Over half (70%) of HRDs and CPOs have said they are considering moving from their current roles post-pandemic, according to new research by HR consultancy LACE Partners.
The majority of respondents were from FTSE 250 companies or organisations with over 1000 employees.
Nearly a quarter (23.2%) of senior HR professionals cited burnout as the main reason for wanting to leave their role, as just 36.2% said they felt resilient after the events of the past year.
Burnout over the pandemic:
Cathy Acratopulo, managing director and co-founder at LACE Partners, said the pandemic has created significant levels of stress and burnout amongst HR professionals and their teams.
She told HR magazine: “The significant number of respondents who said some or most of their teams are showing signs of burnout is a cause for concern.”
LACE’s research found nearly 90% (88.4%) of respondents said some or most of their teams are showing signs of burnout.
On top of this, three-fifths (59.4%) expected to see movement or turnover in their teams in the next six to nine months.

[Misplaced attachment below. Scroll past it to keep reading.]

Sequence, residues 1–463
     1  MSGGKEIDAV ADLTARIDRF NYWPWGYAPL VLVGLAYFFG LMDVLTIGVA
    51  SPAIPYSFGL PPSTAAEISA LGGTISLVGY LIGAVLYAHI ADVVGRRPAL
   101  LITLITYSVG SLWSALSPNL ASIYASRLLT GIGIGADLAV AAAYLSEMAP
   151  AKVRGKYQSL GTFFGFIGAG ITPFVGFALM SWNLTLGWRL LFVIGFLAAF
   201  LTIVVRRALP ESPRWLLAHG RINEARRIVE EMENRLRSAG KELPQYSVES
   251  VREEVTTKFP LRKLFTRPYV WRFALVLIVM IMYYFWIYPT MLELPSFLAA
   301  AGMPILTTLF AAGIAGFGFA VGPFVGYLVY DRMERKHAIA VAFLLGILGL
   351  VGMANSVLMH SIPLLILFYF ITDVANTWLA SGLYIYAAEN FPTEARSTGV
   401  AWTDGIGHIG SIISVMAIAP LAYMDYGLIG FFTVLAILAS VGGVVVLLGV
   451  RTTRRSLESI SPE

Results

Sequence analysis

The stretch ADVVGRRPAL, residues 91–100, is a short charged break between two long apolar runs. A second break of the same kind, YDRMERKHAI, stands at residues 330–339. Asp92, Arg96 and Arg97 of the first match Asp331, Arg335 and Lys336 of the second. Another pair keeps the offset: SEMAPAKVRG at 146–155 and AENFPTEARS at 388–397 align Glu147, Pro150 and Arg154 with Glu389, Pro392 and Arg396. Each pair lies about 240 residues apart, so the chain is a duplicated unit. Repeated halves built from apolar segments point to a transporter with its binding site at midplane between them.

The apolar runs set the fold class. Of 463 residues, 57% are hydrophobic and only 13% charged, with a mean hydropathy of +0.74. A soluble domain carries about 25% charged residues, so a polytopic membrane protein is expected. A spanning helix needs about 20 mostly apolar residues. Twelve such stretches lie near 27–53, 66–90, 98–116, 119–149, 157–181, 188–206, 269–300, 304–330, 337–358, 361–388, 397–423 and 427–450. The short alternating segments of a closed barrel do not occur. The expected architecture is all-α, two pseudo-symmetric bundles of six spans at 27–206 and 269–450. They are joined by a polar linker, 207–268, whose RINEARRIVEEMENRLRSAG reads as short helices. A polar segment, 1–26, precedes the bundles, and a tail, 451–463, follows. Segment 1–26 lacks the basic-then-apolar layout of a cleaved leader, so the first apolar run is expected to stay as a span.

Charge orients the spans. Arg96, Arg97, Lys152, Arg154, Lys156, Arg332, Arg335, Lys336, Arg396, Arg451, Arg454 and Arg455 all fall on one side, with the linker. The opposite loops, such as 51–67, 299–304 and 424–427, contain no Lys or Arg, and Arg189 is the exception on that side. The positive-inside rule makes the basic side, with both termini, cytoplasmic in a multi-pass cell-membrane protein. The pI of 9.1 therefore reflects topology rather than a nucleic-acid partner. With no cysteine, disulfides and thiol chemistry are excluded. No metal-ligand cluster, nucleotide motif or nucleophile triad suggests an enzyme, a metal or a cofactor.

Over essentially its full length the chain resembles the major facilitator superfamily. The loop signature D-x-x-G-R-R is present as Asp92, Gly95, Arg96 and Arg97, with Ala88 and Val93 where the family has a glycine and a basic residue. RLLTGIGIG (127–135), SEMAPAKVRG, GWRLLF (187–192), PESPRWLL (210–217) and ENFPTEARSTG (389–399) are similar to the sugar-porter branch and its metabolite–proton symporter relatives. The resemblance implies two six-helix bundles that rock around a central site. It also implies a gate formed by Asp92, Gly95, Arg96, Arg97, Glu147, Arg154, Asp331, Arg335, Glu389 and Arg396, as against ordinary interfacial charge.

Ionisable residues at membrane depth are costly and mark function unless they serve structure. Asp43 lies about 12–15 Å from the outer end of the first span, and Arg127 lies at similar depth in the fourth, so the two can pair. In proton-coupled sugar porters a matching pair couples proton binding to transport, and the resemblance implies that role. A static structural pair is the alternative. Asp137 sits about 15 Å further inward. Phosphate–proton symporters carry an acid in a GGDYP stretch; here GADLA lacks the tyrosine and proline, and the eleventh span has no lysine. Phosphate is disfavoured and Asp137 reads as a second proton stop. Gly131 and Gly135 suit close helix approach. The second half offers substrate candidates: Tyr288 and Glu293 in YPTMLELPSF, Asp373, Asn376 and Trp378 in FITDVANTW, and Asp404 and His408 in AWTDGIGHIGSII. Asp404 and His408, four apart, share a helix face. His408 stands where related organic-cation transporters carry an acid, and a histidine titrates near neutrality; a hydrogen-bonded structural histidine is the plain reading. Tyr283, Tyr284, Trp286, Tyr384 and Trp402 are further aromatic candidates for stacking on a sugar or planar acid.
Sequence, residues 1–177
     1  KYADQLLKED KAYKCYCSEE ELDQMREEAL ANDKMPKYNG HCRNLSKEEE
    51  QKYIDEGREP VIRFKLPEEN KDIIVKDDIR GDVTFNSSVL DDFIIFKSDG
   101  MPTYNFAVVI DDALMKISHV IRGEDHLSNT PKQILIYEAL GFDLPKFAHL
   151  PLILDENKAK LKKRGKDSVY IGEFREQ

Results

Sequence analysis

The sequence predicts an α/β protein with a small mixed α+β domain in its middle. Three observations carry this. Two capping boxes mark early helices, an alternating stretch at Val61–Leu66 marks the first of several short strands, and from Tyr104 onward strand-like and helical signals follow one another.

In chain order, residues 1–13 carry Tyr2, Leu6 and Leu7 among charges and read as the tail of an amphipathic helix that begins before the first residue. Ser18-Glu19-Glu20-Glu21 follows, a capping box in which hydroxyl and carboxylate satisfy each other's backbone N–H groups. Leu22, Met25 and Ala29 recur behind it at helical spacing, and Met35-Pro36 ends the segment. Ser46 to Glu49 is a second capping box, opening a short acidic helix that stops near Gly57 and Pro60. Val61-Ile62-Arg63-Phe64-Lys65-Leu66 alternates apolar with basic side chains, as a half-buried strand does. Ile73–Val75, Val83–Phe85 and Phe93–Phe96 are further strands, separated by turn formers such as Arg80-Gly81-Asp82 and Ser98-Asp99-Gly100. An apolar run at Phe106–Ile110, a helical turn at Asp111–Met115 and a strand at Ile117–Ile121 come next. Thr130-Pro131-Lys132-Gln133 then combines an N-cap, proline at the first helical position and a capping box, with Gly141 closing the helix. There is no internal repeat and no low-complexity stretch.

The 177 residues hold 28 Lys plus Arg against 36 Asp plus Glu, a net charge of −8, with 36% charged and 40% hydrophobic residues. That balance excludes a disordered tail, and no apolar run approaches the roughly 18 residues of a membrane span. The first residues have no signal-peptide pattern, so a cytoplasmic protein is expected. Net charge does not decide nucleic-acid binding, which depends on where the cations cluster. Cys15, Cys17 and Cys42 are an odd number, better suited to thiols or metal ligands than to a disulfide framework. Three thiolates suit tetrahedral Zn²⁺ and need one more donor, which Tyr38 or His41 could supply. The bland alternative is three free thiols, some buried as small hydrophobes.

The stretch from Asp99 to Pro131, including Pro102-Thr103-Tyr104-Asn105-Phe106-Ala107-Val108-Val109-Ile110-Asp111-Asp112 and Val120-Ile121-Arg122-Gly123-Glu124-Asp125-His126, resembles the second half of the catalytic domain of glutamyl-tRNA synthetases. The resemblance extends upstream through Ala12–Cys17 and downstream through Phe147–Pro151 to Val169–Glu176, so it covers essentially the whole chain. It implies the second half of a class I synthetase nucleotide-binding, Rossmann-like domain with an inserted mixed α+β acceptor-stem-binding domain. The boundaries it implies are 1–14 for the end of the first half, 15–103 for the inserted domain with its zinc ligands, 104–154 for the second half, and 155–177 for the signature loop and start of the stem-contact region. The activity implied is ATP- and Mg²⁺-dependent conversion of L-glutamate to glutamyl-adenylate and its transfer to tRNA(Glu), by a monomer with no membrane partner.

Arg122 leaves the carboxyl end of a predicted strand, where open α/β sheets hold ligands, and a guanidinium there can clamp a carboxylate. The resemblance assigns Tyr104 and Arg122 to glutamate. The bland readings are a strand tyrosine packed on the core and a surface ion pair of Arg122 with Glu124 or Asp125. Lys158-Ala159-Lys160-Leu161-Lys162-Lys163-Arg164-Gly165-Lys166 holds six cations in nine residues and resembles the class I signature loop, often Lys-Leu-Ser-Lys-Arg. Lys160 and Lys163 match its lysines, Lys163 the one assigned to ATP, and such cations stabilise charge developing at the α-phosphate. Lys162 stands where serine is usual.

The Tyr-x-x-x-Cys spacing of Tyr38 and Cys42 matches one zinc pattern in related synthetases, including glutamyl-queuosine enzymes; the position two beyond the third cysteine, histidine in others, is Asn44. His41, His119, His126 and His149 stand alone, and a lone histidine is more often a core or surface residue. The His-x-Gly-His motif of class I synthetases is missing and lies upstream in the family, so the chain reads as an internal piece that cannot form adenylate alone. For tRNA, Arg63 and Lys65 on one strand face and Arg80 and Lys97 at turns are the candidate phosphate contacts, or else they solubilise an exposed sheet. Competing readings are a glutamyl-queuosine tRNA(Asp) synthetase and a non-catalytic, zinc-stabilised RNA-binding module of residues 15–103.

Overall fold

Acratopulo said: “The impact of both HR burnout and churn could be highly unsettling for some of the UK’s biggest businesses, although some may see it as a time to reset people strategies and outcomes.
“How much of the forthcoming churn will be led by individuals, or by the executive team, is yet to play out when strong performance in a time of significant turmoil will have been expected.”
Whilst every member of the workforce is feeling the impact of the pandemic, Acratopulo added HR teams have had the added pressure of ‘owning’ the way the business responded.
“I would encourage leaders to listen to and recognise the particular pressures their HR teams may be experiencing,” she said.
Steve Herbert, head of benefits strategy at Howden, said unlike so many other employment groups who have either been fully furloughed or working on reduced workloads, the HR sector has remained very largely in-post and on the front line of employee/employer relations in some of the most challenging circumstances.
He told HR magazine: "HR professionals have also doubtless been far more exposed to the genuine fears of employees worried about the health of themselves and their loved ones, as well as their employment prospects during the worst economic downturn in recorded history.
"So it is no surprise that large numbers are feeling burnt-out, and that so many are now considering moving on to pastures new."
However, Herbert said as the pandemic is still very present in the UK and globally, far fewer will be keen to take that final step given the inherent loss of employment rights and employee benefit protections that such a move might entail.
"It is possible that therefore the pent-up demand for HR moves may yet be postponed until 2022,” he reasoned.